Last year, a friend dropped off a pile of split maple, which was mostly made up of cut limbs from branches, to use as firewood. It took me longer than I would have liked to get it moved, stacked and covered. When I did, I noticed moss on many of the pieces, and some pieces had a bit of fungus on them, so I threw them out.
I’m ready to burn the wood in my woodstove and expected it would still be on the green side. However, its color has changed and seems as though it could be diseased.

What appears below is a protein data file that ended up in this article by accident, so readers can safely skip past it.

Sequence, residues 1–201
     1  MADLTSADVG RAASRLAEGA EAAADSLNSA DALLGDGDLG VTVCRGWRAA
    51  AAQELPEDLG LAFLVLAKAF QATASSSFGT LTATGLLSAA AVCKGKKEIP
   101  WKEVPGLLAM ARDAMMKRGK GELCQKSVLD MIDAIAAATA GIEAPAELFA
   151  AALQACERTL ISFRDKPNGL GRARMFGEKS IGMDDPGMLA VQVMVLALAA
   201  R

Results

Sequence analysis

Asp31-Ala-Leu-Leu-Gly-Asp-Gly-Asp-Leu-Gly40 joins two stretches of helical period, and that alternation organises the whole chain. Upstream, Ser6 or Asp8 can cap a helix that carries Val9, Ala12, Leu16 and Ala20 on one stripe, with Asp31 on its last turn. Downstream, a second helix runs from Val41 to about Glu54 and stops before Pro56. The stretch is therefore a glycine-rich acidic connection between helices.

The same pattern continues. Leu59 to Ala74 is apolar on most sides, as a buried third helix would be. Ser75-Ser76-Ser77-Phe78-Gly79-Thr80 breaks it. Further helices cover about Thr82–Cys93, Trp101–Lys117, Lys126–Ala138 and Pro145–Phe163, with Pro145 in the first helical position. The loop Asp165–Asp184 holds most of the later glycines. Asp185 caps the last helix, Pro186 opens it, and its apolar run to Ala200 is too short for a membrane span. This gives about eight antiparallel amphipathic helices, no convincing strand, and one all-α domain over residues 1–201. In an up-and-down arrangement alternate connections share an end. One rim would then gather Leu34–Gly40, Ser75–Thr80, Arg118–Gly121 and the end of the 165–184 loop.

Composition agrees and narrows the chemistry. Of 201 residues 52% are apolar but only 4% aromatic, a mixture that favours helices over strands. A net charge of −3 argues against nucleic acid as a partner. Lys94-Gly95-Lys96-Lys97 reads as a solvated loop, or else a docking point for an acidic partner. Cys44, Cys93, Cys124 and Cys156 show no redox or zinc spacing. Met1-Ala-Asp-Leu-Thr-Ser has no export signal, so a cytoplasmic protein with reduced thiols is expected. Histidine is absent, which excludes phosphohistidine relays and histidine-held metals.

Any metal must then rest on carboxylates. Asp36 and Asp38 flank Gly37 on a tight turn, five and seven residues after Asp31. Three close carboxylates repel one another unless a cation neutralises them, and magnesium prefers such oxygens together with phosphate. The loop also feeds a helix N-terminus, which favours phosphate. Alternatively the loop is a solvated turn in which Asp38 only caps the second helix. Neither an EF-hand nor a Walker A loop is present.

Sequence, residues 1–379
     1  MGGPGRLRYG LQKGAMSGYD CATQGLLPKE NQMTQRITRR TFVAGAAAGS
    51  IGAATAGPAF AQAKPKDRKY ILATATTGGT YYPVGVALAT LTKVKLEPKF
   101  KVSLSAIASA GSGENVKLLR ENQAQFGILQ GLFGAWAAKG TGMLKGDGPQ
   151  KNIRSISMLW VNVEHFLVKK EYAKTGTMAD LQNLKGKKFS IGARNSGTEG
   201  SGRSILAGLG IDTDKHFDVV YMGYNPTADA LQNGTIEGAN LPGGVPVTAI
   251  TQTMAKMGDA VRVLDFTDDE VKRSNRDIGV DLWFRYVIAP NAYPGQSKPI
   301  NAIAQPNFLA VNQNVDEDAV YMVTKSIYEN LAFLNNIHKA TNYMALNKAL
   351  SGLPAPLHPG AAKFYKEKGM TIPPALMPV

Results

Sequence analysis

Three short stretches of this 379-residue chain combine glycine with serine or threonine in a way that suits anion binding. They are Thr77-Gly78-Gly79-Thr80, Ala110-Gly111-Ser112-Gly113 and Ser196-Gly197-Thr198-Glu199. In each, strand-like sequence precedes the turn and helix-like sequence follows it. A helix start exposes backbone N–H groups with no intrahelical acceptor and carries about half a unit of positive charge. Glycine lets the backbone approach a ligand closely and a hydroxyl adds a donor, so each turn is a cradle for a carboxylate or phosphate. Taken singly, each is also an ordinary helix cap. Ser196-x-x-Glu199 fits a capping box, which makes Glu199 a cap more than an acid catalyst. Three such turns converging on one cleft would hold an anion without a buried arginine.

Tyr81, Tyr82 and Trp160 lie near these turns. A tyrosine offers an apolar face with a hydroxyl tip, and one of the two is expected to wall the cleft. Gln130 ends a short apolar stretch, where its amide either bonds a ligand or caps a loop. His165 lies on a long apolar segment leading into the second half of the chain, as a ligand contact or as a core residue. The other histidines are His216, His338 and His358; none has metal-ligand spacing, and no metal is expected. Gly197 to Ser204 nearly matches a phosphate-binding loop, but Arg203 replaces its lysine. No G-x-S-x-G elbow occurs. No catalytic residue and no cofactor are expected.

Is it safe to burn? If not, can it be turned into compost?
Although the fungus may not look like it’s on the wood, it’s best to assume it could be.
Your question about burning is best answered by a public health professional.
That said, maple in Oregon could be infected by a new fungus and it’s not recommended to move wood with the fungus into the house. It might be best to compost.